Punk and new wave was only one way of taking rock back to basics. Marshall Crenshaw took an altogether different approach, stripping back to three chord songs about girls, delivered by a tight three piece and earning comparisons to Buddy Holly. His 1982 debut features his brother Robert on drums, while Crenshaw handles all the guitar parts. The simplified arrangements of these songs are invigorating; the songs are snappy and intelligent, and even though the production places the album in the early 1980s, these melodies could have easily come from an earlier era. Crenshaw’s persona is so likeable that he can get away with a song simply about cruising around checking out girls, and make it innocent and laudable rather than seedy and leering. In a just world, half of these songs would be radio staples, and that these accessible songs didn’t make Crenshaw a superstar is almost unfathomable.
The lack of success of this album is magnified by the strong triple punch at the beginning; ‘There She Goes Again’, the power pop standard ‘Someday, Someway’ and the exuberant ‘Girls…’ (“You know I don’t want to be impolite/But I need someone to hold beside me tonight”) are some superlative examples of eighties pop. ‘Mary Anne’ builds a great song out of three chords and a minimalist melody, while ‘Cynical Girl’ is another winner. The other half of the record isn’t quite as strong, especially the cover of the ubiquitous ‘Soldier Of Love’, stopping this album some distance from perfection.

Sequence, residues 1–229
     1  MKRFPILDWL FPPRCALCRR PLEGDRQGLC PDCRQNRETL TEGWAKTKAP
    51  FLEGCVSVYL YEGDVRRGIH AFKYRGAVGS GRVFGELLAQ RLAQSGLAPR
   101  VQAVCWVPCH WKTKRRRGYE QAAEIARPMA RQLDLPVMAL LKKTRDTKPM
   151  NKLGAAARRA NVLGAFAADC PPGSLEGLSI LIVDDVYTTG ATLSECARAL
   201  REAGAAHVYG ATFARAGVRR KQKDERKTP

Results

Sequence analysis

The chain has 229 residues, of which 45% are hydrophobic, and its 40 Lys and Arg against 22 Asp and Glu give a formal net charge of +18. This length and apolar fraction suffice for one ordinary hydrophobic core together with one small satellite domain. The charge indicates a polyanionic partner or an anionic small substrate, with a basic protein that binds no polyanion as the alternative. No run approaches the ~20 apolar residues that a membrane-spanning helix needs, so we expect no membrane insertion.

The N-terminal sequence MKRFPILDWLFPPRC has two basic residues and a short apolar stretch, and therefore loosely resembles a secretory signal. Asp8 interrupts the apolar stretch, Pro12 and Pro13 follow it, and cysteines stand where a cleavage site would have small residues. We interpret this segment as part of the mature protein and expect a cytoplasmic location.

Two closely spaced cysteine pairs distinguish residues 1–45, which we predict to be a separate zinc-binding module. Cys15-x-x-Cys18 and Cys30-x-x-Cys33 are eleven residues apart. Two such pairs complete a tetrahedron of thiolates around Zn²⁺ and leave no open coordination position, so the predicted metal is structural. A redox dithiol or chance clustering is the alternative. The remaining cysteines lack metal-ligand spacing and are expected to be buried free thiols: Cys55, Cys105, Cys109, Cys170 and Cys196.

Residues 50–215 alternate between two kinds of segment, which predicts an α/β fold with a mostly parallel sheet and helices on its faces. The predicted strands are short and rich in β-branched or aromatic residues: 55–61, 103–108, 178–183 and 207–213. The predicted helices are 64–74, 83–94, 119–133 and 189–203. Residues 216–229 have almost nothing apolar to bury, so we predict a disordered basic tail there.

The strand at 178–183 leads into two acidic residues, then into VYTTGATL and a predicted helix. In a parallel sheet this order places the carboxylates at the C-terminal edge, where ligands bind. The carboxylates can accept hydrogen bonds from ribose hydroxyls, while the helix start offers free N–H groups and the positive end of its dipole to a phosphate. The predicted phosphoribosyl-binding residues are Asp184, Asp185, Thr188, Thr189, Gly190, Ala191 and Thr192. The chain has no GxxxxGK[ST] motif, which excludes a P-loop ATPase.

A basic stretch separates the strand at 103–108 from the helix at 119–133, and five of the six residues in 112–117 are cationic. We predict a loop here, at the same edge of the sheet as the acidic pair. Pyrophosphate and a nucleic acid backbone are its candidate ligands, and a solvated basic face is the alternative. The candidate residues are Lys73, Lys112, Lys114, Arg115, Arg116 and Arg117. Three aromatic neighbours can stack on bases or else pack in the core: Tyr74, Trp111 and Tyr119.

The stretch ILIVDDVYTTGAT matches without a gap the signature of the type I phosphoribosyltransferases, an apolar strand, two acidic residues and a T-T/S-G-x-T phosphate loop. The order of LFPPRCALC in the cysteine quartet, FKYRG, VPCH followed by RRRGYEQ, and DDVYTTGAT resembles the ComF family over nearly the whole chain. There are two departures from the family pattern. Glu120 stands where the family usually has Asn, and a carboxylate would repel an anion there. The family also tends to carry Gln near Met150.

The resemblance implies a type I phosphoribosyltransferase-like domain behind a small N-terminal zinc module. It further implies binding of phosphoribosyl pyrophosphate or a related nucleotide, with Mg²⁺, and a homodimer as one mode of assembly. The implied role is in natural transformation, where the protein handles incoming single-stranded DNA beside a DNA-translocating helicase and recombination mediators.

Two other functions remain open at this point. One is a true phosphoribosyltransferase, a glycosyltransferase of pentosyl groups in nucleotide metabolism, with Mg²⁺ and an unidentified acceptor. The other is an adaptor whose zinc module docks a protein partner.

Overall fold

But any fan of intelligent guitar pop will cherish songs like ‘Someday, Someway’ and ‘Mary Anne’, and play this refreshingly sincere album often.